Halpern, Larner and King. The opinion of the court was delivered by Halpern, P.J.A.D.
The County of Hudson obtained a judgment against defendants in the Hudson County District Court for $818 for services rendered in November 1973 to Mrs. Hernandez at the Margaret Hague Maternity Hospital.
Defendants appeal, contending they were entitled to free care because they were indigent when the services were rendered. When we rendered our decision on November 10, 1976 we did not decide whether defendants were indigent when the hospital services were rendered. Instead, we held they were obligated to pay because they did not assert their indigency when the services were rendered.
The Supreme Court granted certification on February 1, 1977. 73 N.J. 60 (1977). On December 6, 1977 it reversed and held that "the issues concerning the effect of the failure
to assert indigency at the time of hospital admission and waiver or estoppel with respect to a later claim of indigency are not relevant to the basic issue of indigency and the entitlement of an indigent person to hospital care without charge under N.J.S.A. 30:9-26 * * *." 75 N.J. 543. It remanded the matter to us to decide whether the trial judge had erred in determining that defendants were not indigent at the time the hospital services were rendered.
The Margaret Hague Maternity Hospital was owned and operated by the County of Hudson when defendant Mrs. Hernandez gave birth to a child there. Ownership of the hospital has since been transferred to the City of Jersey City. At the time in question it was the only county maternity hospital in the State controlled by N.J.S.A. 30:9-26, which provides in relevant part:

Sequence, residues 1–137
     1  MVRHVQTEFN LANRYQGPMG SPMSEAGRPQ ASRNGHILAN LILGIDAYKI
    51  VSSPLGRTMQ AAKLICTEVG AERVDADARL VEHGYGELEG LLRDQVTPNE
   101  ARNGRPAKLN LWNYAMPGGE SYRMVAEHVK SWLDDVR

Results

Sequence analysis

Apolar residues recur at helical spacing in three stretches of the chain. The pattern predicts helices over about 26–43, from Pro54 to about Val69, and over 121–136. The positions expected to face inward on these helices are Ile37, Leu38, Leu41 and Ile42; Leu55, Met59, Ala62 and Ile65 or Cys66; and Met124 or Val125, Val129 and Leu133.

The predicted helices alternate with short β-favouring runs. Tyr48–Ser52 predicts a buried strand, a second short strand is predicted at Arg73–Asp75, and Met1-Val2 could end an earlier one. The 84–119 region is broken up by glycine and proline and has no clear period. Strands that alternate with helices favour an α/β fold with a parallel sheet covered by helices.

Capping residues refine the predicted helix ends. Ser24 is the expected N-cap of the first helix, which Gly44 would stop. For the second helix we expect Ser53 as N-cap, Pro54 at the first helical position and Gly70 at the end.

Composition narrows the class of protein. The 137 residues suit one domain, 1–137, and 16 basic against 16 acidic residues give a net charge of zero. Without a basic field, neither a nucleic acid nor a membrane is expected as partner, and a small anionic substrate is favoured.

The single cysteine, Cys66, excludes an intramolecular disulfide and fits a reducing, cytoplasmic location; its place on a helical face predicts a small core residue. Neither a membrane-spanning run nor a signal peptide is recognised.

A maternity hospital established under section 30:9-24 of this Title shall be used exclusively for the care and treatment of persons in the county requiring the care and attention for which such hospital was intended whether such persons be indigent or nonindigent. * * *
As we noted in our earlier opinion, it is acknowledged by the litigants that the act necessarily implies that the hospital is not authorized to impose charges for services to indigents.
Unfortunately, unlike statutes dealing with other types of hospitals and a variety of services to indigents under varying situations, this statute does not define indigency or give any indication of how to determine who is entitled to free care. Left with no specific guidelines we are compelled to construe the term "indigent" having in mind the legislative intent sought to be accomplished.
Reference to out-of-state cases dealing with similar statutes is helpful in disposing of the issue before us. In Montana Deaconess Hosp. v. Lewis and Clark Cty. , 149 Mont. 206, 425 P. 2d 316, 318 (1967), the Montana Supreme Court interpreted the term "medical indigency" as describing "those persons unable to provide such necessities [as
medical care] for themselves by reason of age, infirmity or misfortune." In St. Patrick Hosp. v. Powell Cty. , 156 Mont. 153, 477 P. ...